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Overview

Thank you for your interest in our research. Our lab studies social and emotional behavior and the brain systems that support them. To do this, we use state-of-the-art scientific tools and methods including eye-tracking, MRI, and sophisticated behavioral assessment.

Our research includes participants from the general community, as well as individuals with autism, agenesis of the corpus callosum, and brain lesions.  All participants are compensated for the time that they commit to our studies.  Compensation is determined by length of time and type of experiment and may range from $15 to $50 per hour.

Interested in participating? Take our eligibility survey today!

Testing Methods We Use

Our lab uses several different research tools to study social and emotional processing. Here are brief descriptions of the types of activities research participants might be asked to do:

  • Behavioral studies. Many of our behavioral studies involve observing something on a computer screen and responding to what you see using button presses or just by looking at it. We also conduct a variety of surveys regarding participants’ behavior, attitudes, emotions, and mood.
  • MRI studies. In some of our experiments, we use MRI to examine brain structure and activity. During some of these studies, participants are looking at pictures or movies and making responses using button presses. These experiments are performed at the Caltech Brain Imaging Center (CBIC) which is just down the hall from our lab.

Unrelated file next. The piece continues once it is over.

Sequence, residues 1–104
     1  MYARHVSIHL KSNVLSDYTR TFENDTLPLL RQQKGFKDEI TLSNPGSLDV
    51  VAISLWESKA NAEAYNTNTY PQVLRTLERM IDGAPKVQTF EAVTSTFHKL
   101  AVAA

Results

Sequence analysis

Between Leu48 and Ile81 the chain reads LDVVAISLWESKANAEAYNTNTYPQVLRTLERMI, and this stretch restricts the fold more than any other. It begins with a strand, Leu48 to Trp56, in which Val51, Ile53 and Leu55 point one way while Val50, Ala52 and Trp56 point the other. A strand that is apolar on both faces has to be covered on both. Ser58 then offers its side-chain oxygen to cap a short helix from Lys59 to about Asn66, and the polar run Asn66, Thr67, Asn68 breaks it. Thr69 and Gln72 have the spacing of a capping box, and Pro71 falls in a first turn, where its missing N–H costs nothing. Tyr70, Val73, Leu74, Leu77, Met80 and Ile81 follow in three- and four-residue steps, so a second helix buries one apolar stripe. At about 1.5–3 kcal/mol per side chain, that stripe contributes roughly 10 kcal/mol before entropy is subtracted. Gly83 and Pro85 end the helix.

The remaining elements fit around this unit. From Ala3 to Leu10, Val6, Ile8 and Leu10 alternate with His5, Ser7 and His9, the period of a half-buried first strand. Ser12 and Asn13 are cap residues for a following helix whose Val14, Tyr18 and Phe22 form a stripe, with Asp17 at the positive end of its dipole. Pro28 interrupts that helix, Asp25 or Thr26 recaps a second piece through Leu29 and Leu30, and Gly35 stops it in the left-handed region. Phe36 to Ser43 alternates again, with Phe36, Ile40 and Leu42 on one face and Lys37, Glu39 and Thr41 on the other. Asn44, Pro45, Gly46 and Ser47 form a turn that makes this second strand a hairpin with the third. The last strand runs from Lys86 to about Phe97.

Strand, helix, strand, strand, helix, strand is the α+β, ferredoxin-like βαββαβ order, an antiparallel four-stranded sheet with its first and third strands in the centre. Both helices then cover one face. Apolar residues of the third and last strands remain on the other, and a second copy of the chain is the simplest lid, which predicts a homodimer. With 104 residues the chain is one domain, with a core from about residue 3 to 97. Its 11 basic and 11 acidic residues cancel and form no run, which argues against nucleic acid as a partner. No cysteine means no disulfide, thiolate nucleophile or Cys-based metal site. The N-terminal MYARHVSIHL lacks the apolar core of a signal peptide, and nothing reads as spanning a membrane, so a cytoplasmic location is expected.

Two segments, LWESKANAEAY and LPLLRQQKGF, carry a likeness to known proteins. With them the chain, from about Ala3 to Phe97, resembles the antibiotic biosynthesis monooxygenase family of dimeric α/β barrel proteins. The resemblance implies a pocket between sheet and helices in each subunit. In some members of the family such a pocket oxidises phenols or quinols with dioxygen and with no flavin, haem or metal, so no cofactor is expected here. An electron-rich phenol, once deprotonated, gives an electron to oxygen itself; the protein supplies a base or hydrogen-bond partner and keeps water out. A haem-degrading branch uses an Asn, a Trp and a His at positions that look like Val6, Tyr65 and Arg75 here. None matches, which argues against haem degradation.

Groups of People We Study

Research in our lab is directed at understanding how the brain functions in general, as well as how it may function differently in individuals with autism, agenesis of the corpus callosum and specific brain lesions. Therefore, we conduct studies on participants from each of these groups.

  • Healthy adults. We perform studies on individuals between the ages of 16-65, who have no major medical problems, psychiatric conditions or developmental delays, and do no family history of autism.
  • High-functioning adults with autism spectrum disorder (ASD). We perform studies on high functioning adults with autism spectrum disorder between the ages of 16-65. To be considered ‘high functioning’, individuals must have an full-range IQ of 80 or greater.
  • Adults with complete or partial absence of the corpus callosum (agenesis or dysgenesis of the corpus callosum). We perform studies on high functioning adults with  congenital absence of the corpus callosum, who have no know chromosomal anomaly and minimal additional cognitive malformation.
  • Adults with bilateral amygdala lesions (Urbach-Wiethe disease)